First, Thou art the servant of fin, Roin. vi. 17. and therefore free from righteoufnefs, ver. 20. Whatever righteousness be, (poor foul) thou art free of it; thou dort not, thou canst not meddle with it. Thou art under the dominion of sin, a dominion where righteousness can have no place. 1 hou art - child and servant of the devil, tha'
ou are deale of God out is a mat, perhap.ir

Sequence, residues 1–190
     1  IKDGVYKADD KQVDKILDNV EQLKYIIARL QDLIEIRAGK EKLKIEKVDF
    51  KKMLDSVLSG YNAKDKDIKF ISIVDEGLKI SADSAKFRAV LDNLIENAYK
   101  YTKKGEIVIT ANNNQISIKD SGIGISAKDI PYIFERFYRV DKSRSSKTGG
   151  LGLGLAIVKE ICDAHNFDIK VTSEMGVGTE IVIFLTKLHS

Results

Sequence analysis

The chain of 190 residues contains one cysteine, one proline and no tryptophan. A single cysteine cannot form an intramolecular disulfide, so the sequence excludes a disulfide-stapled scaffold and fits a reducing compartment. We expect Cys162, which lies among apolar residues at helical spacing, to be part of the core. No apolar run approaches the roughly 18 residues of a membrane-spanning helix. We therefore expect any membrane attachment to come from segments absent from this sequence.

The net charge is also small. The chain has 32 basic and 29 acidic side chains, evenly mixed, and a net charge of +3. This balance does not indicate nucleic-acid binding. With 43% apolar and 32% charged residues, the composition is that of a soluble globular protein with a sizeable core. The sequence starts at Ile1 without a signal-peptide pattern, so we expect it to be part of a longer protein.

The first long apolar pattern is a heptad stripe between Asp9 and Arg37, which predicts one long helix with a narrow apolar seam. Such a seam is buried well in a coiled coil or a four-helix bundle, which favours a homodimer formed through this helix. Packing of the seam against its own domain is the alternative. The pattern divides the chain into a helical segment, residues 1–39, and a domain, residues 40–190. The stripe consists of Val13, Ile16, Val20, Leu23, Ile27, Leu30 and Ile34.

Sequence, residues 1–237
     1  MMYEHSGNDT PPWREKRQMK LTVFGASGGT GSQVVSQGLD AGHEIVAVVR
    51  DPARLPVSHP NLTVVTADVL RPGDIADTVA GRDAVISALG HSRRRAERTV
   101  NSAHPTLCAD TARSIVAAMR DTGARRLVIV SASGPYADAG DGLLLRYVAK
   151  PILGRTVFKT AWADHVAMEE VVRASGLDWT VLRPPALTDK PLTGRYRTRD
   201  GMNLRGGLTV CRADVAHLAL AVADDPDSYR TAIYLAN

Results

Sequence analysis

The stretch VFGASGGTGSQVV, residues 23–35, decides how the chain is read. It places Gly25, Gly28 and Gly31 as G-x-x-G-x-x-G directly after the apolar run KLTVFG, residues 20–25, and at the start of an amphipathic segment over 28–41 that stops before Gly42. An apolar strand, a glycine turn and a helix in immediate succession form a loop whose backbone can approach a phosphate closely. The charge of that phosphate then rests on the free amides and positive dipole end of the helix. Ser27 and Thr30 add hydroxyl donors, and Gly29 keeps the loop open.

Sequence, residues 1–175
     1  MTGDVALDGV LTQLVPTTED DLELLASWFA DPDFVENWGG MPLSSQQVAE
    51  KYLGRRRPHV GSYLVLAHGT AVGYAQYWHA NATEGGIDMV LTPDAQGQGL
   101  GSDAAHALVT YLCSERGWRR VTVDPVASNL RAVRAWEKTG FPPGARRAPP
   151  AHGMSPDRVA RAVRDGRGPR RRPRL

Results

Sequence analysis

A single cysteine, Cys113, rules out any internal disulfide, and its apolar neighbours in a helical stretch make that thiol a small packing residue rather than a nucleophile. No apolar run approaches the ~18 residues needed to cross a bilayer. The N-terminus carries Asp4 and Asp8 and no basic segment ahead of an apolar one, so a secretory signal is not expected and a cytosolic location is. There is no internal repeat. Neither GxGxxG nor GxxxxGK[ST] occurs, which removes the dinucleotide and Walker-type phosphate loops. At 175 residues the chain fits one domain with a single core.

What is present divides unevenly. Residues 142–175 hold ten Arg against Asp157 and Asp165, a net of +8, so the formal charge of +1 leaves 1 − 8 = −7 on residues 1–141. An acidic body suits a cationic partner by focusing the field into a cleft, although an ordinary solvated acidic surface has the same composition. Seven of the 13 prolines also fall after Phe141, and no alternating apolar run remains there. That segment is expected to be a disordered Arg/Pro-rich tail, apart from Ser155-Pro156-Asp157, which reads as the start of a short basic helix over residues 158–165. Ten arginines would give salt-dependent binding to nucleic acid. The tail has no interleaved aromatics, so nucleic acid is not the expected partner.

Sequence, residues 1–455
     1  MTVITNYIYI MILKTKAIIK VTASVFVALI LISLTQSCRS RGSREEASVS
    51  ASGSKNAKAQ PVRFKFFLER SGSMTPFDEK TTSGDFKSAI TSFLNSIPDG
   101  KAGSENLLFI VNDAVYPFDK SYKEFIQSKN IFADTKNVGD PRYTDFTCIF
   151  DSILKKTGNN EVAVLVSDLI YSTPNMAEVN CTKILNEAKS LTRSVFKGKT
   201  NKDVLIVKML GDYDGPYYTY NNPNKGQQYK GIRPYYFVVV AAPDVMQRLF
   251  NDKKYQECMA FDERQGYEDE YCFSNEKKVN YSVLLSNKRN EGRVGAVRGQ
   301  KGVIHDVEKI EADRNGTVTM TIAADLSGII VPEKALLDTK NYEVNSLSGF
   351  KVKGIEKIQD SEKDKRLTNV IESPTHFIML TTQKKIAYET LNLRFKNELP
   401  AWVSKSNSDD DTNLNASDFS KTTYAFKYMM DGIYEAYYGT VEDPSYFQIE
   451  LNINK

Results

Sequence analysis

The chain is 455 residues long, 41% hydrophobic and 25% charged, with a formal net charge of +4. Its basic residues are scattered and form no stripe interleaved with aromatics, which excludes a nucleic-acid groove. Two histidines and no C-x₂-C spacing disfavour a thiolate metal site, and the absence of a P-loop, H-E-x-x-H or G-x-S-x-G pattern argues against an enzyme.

thou be neither wizzard nor witch: seeing thou art yet in the state of nature, John viii. 44. Ye are of your father the devil. And to prevent any mistake, consider, that sin and Satan have two sorts of servants, (1.) There are some employed, as it were, in coarfer work: those bear the devil's mark in their fore-heads, having no form of godliness; but are profane, grosly ignorant, mene moralists, not so much as performing the external duties of religion, but living to the view of the world; as sons of earth, only minding earthly things, Philip. iii. 19. (2.) There are some employed in a more refined sort of service to fin, who carry the devil's mark in their right hand ; which they can, and do hide from the view of the world. These are clofs hypocrites, who facrifice as much to the corrupt mind, as the other to the Aeth, Eph. ii. 3. These are ruined by a more undiscernable trade of sin : pride, unbelief, felf-seeking, and the like, swarm in, and prey upon their corrupted, wholly corrupted souls. Both are servants of the same house; the latter as far as the former from righteousness.